From the mesmerising set to the ensemble cast, “Avanti: The Grand Musical” was nothing short of a grand event. An onstage adaptation of the popular Indian film Aaja Nachle, “Avanti” is predictable but the journey it takes you on is worth the time spent in the theatre.
Directed by Javed Ahmed Saeedi, the musical is a complete commercial package with the right amount of satirical puns; for instance comparisons between Sheila (of “Sheila Ki Jawaani”) to Sharmila Farooqui got the audience rolling with laughter. Although the play was successful in entertaining the audience, it surely doesn’t add to the progress of theatre as a medium in Pakistan because it’s merely an adaptation, offering nothing original and out-of-the-box.
Keep on dancing
Zarmeena Yousuf, who played the protagonist Khwahish, is a relatively new girl on the block but has managed to gain a lot of fame in a very short period of time. Although short in height, Yousuf is a spellbinding dancer with a charming personality — all the qualities necessary for a dynamic stage presence. That said, she has a long way to go as far as acting is concerned. Yousuf is one of those who are forced into musicals just because of their command over dance and their good looks. Playing the main lead, she disappointed with her lacklustre performance. Had she infused more spirit and energy in her role, the character was sure to win the audience’s hearts.
The Lahori formula
Where regular performances by Lahore-based theatre groups have brought scores people in Karachi back to theatre halls, they have also created their own stereotype. For instance, the presence of either a eunuch, in some cases, a homosexual or maybe a cross-dresser, is must in their plays. They are usually followed by Bollywood-inspired elaborate dance performances and characters like a Sikh or an Arab Sheikh occasionally feature for a comedy of errors and mispronunciations.
Bushra Ansari’s salute to Saqib Sumeer
Despite occasional flying kisses by the eunuch (played by Rana Majid) and a variety of antics by the station house officer (played by Hashim Imran), the real star of the evening was Saqib Sumeer, who rose to fame with his outstanding performance in “Bombay Dreams” as well. He was the only actor on stage who was not playing multiple characters and was rather exposing yet another side of himself. And if this wasn’t enough, he also received a standing ovation by the legendary Bushra Ansari. “Saqib Sumeer I salute you,” said Ansari as the auditorium resonated with applauses. “There are many talented individuals amongst your team but Saqib is one of a kind; amazing work,” she added.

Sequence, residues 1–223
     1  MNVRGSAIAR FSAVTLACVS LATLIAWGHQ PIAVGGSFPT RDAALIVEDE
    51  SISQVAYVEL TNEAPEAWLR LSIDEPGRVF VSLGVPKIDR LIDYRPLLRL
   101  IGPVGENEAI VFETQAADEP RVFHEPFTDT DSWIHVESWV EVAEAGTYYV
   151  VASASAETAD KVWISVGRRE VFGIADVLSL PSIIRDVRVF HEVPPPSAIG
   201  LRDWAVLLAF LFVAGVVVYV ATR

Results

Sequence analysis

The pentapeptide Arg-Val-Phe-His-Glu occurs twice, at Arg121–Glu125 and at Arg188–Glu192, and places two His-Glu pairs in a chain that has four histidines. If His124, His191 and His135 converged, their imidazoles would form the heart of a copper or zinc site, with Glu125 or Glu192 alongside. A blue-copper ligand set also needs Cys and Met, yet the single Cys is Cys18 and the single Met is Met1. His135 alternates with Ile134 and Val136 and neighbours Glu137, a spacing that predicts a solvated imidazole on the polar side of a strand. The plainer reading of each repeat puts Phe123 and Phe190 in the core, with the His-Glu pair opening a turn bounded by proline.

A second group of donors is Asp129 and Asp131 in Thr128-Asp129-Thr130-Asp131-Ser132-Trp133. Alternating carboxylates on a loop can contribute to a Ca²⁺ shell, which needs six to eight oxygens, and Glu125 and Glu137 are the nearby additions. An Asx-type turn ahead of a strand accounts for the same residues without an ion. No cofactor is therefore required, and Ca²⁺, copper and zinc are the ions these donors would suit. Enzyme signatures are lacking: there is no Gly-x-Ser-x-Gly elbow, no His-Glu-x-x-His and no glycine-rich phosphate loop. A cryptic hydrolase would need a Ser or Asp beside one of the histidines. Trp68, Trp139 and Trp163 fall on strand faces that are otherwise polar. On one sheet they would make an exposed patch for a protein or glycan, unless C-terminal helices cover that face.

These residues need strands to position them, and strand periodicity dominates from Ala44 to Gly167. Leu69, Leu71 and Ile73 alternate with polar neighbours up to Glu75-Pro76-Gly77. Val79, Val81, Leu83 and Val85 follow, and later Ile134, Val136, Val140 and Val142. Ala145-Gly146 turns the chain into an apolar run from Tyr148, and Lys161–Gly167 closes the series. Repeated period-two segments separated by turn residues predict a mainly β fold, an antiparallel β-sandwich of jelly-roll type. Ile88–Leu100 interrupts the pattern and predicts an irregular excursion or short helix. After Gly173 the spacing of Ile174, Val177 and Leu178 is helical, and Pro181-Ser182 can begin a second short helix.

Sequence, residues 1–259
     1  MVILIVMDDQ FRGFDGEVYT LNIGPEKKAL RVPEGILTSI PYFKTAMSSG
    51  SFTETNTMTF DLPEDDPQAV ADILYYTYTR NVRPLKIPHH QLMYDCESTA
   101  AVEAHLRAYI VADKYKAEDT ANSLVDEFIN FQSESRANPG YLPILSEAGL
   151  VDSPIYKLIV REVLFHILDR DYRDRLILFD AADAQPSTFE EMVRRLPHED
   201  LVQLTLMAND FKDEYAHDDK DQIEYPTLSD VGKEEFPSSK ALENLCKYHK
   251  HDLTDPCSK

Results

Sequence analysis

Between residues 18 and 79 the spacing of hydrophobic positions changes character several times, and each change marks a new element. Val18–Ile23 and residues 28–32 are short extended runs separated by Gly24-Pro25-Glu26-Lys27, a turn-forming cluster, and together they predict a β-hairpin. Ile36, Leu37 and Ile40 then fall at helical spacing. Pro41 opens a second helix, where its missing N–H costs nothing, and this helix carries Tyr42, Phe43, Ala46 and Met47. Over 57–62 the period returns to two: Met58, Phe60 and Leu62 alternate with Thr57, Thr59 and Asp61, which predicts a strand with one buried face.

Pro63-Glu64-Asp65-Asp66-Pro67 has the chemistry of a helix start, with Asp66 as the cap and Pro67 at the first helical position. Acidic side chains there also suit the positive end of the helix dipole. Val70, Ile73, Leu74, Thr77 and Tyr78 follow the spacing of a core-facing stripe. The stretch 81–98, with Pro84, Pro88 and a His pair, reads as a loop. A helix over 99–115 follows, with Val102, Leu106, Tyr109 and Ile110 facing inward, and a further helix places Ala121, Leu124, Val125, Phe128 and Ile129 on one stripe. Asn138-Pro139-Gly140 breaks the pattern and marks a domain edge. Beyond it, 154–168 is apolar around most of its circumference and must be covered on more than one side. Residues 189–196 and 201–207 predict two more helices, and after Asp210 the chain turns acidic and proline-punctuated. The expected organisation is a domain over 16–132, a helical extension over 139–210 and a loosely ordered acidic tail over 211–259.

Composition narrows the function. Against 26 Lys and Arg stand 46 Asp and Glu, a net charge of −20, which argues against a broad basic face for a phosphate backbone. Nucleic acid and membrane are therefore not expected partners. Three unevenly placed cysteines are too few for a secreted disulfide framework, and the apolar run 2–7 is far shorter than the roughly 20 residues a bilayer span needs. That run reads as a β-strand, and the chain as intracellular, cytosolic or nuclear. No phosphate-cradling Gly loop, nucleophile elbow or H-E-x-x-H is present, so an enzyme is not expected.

The real challenge
The almost three-hour long awe-inspiring work by Saeedi and his team tells a lot of about the amount of talent that Pakistan has in the field of performing arts. Such a well-coordinated performance also says a lot about the passion of our artists but at the same time it reiterates the fact that we can’t pull off something original of a high calibre. Those recalling “Karachi: The Musical” need to realise that while it was a notable effort, it wasn’t the best we could offer.
Like “Bombay Dreams” and “Tom, Dick and Harry”, “Avanti” is also an extension of adapted, if not copied, plays, where the overall plot and structure remain the same and it is only the songs and the choreography that keep on changing.
However, with that said, the musical, which runs till the June 25 at the Karachi Arts Council everyday at 8 pm, is a commendable effort and a must-watch.
Published in The Express Tribune, June 2nd, 2012.
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